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Shall We Keep Highly Skilled at Home? The Optimal Income Tax Perspective

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Author Info

  • Alain Trannoy, Laurent Simula and

    ()
    (Uppsala Center for Fiscal Studies)

Abstract

We examine how allowing individuals to emigrate to pay lower taxes abroad changes the optimal non-linear income tax scheme in a Mirrleesian economy. An individual emigrates if his domestic utility is less than his utility abroad net of migration costs, utilities and costs both depending on productivity. Three average social criteria are distinguished – national, citizen and resident – according to the agents whose welfare matters. A curse of the middle-skilled occurs in the first-best and it may be optimal to let some highly skilled leave the country under the resident criterion. In the second-best, we provide an extension of Saez’s formula for the optimal marginal tax rates. The middle-skilled can support the highest average tax rates and the marginal tax rates can be negative. Preventing emigration of the highly skilled is not necessarily optimal under the citizen and resident criteria.

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File URL: http://ucfs.nek.uu.se/digitalAssets/129/129502_wp20099.pdf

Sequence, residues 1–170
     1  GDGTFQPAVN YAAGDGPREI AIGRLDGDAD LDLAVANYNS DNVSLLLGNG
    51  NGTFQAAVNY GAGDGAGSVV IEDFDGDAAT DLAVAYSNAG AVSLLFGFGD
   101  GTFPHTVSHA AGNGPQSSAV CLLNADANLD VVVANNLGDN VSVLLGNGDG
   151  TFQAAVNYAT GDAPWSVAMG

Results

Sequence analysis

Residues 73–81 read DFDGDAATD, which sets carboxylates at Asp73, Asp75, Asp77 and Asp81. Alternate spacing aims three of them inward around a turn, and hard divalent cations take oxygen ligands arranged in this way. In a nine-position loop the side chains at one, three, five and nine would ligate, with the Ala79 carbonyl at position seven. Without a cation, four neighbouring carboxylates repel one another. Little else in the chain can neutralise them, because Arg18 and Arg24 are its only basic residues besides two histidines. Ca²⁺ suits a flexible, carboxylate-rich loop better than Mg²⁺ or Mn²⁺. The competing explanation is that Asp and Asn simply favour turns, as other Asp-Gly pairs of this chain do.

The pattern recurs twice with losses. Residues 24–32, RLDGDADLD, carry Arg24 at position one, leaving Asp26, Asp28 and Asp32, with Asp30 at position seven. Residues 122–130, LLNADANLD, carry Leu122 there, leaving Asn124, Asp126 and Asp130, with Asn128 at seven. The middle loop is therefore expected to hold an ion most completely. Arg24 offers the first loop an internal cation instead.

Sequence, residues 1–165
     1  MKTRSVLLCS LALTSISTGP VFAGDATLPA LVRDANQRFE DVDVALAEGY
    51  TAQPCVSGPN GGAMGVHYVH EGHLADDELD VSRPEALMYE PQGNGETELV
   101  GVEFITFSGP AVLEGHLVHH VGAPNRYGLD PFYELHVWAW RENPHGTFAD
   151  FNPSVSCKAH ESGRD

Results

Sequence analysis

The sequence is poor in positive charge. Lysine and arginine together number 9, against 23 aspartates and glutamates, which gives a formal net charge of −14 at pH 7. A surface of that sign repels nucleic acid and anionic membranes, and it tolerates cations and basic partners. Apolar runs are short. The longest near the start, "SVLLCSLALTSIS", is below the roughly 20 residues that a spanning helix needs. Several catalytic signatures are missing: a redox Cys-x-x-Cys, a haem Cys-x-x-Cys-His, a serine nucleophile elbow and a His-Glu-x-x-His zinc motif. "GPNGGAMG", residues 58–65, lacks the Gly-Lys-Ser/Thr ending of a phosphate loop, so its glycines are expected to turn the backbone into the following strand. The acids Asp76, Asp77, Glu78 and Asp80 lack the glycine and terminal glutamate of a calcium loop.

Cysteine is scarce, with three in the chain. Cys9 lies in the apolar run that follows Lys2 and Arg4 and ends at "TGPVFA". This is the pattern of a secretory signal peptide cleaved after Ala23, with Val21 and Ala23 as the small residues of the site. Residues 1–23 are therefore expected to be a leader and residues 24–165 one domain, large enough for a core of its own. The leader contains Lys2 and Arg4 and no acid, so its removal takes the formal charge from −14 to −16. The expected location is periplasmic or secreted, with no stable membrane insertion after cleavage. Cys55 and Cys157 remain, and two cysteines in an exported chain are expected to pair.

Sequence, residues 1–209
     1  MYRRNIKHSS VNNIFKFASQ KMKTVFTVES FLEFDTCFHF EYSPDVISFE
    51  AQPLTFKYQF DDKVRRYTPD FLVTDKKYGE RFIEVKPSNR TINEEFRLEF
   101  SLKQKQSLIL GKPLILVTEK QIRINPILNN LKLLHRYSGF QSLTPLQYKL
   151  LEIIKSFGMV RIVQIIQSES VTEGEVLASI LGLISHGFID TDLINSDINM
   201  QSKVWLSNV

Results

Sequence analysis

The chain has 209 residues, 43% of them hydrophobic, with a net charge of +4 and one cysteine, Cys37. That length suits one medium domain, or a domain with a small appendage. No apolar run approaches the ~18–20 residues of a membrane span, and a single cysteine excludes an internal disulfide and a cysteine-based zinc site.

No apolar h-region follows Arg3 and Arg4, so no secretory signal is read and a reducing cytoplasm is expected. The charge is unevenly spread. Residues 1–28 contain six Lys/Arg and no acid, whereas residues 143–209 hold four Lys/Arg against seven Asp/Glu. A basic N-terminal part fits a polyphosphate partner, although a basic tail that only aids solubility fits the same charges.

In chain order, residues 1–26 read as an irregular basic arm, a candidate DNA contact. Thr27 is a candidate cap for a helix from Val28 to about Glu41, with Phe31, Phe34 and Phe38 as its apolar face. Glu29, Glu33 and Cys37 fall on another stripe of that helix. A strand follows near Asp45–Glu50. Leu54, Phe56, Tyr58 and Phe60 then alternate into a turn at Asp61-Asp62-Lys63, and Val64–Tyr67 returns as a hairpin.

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Bibliographic Info

Paper provided by Uppsala University, Department of Economics in its series Working Paper Series, Center for Fiscal Studies with number 2009:9.

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Length: 26 pages
Date of creation: 12 Oct 2009
Date of revision:
Handle: RePEc:hhs:uufswp:2009_009

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Postal: Department of Economics, Uppsala University, P. O. Box 513, SE-751 20 Uppsala, Sweden
Phone: + 46 18 471 25 00
Fax: + 46 18 471 14 78
Email:
Web page: http://www.nek.uu.se/
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Related research

Keywords: Optimal Income Tax; Emigration; Participation Constraints; Highly Skilled;

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Cited by:
  1. Vilen Lipatov & Alfons Weichenrieder, 2010. "Optimal Income Taxation with Tax Competition," CESifo Working Paper Series 3108, CESifo Group Munich.
  2. Alain Trannoy, Laurent Simula and, 2009. "Optimal Income Tax under the Threat of Migration by Top-Income Earners," Working Paper Series, Center for Fiscal Studies 2009:8, Uppsala University, Department of Economics.

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